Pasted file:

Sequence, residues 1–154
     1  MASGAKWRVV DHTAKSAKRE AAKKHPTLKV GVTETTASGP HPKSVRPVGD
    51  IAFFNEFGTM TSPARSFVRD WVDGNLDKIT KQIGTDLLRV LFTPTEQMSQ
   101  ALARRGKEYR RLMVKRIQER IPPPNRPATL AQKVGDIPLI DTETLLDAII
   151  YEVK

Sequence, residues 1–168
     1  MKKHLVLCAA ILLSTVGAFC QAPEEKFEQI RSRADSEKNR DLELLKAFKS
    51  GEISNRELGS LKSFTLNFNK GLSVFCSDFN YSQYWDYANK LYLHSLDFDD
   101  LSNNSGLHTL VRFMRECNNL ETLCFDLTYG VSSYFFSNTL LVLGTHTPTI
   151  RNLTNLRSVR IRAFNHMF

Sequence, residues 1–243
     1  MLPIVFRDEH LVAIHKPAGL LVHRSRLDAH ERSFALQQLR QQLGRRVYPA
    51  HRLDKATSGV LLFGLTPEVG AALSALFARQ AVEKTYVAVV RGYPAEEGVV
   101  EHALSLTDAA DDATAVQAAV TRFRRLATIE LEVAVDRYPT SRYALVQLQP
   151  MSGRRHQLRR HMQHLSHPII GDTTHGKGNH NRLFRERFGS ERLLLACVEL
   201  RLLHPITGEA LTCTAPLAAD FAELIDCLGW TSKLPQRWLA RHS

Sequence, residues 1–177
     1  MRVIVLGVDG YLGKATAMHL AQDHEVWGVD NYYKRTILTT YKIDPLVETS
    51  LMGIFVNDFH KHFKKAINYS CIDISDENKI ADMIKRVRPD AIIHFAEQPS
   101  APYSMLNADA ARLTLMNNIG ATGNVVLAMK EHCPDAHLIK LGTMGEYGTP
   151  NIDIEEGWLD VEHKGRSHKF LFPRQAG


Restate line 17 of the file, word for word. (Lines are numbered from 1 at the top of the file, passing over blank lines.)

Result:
Sequence, residues 1–177